On appeal, defendant contends that the trial judge erred in granting counsel fees because (1) plaintiff had previously been denied counsel fees in the May 28, 2009 order, and (2) Patti had not filed an affidavit of service, as required by Rule 4:42-9(b).

Defendant also contends that plaintiff's March 19, 2009 motion for reconsideration was untimely, as it was not filed within the twenty-day time limit set by Rule 4:49-2; we address this contention first. The February 16 order was interlocutory, not final; paragraph 25 therein states that "[d]efendant's request for child support is reserved for continued consideration." Thereafter, child support was determined in the order of May 5, 2009, which notes that it was entered "[p]ursuant to the reservation in [p]aragraph 25" of the February 16 order.

"We have . . . held that the time prescriptions set forth in Rule 4:49-2 apply to final judgments and orders, not interlocutory orders, which are reviewable at any time." Sullivan v. Coverings & Install., Inc., 403 N.J. Super. 86, 96 (App. Div. 2008) (citing Johnson v. Cyklop Strapping Corp., 220 N.J. Super. 250, 263 (App. Div. 1987), certif. denied, 110 N.J. 196 (1988)). Therefore, the time limit in Rule 4:49-2 is inapplicable.*fn2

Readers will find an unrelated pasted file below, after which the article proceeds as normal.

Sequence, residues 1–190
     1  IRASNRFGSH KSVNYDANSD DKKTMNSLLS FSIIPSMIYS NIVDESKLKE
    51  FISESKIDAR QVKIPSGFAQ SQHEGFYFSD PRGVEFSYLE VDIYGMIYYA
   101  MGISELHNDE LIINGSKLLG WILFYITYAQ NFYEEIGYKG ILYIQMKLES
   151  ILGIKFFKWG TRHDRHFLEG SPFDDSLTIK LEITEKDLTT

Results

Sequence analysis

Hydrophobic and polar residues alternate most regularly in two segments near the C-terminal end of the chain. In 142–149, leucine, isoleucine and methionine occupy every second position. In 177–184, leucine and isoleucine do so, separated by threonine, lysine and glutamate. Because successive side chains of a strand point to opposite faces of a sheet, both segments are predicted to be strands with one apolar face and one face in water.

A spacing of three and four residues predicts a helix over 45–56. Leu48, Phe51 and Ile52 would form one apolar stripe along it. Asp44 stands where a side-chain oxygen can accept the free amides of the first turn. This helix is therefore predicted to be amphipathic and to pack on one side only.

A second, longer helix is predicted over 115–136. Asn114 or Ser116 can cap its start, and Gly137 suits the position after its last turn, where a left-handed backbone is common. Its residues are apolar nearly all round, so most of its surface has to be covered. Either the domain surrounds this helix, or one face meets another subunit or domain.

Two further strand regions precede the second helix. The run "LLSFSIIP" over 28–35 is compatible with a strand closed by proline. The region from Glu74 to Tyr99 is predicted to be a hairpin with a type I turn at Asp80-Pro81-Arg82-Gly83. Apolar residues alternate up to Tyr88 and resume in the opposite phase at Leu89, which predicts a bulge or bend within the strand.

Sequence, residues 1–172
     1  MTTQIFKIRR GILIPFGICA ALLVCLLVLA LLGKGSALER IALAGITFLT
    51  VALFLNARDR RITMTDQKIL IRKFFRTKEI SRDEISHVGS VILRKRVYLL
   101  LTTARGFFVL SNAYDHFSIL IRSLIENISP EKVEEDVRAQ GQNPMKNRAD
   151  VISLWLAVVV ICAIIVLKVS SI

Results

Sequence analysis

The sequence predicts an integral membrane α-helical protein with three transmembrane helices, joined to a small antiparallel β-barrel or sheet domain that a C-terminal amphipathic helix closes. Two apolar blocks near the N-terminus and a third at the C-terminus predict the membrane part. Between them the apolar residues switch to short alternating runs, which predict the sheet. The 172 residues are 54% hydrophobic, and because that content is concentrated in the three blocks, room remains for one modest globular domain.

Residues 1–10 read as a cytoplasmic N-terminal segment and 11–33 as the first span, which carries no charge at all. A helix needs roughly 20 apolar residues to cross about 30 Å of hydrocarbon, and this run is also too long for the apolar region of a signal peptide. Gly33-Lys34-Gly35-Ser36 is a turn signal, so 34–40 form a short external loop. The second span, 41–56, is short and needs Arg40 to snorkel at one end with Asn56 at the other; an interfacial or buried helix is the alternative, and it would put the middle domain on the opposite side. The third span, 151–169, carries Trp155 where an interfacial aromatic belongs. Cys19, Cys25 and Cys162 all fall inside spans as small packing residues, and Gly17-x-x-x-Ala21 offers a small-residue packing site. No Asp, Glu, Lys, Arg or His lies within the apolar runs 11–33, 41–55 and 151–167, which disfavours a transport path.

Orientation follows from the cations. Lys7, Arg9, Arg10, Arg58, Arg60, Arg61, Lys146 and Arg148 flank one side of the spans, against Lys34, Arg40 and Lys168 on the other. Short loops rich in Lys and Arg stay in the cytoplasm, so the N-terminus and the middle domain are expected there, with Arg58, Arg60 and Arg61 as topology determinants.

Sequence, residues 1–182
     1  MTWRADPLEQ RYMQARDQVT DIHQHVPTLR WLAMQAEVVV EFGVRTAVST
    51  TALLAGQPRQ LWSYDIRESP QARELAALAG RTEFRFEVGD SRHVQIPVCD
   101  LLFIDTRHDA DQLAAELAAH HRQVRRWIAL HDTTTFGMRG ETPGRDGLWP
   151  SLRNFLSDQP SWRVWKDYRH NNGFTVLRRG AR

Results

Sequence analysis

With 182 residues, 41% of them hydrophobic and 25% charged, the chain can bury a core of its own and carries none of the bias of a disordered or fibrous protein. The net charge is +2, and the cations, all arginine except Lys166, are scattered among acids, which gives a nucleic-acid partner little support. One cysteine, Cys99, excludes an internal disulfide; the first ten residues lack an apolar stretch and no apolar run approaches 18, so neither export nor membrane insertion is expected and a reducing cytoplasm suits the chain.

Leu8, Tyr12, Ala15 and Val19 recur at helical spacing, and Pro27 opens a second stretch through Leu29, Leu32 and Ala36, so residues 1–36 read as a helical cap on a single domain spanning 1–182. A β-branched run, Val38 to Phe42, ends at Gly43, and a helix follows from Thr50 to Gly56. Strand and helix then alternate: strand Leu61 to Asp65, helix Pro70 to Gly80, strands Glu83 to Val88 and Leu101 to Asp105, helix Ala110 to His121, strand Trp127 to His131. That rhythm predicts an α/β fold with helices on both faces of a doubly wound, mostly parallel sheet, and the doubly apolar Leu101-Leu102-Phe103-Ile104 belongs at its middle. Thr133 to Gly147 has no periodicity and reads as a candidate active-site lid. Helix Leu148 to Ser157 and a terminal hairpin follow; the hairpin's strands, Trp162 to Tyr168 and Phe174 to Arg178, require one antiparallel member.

We turn to defendant's contention regarding the affidavit of services. Rule 4:42-9(a)(1) provides that counsel fees may be awarded [i]n "a family action . . . pursuant to R. 5:3-5(c)." (Emphasis omitted). Rule 4:42-9(b) requires that all applications for the allowance of fees shall be supported by an affidavit of services addressing the factors enumerated by RPC l.5(a). The affidavit shall also include a recitation of other factors pertinent in the evaluation of the services rendered, the amount of the allowance applied for, and an itemization of disbursements for which reimbursement is sought.

Here, Patti failed to comply with this requirement. Plaintiff contends that the affidavit of services "would not have altered the judges' [sic] decision to award counsel fees . . . ." Nonetheless, attorneys, as officers of the court, are required to comply with rule requirements.

We are inclined to affirm the counsel fee award for the reasons set forth in the statement of reasons appended to the July 24, 2009 order. We accord special "deference to family court factfinding." Cesare v. Cesare, 154 N.J. 394, 413 (1998).

We are troubled by counsel's failure to comply with R. 4:42-9(b). Plaintiff, however, should not be prejudiced by this deficiency. Under the circumstances, we deem it reasonable to remand this matter with instructions to the trial judge to require counsel to submit the required affidavit.

Affirmed in part; remanded in part.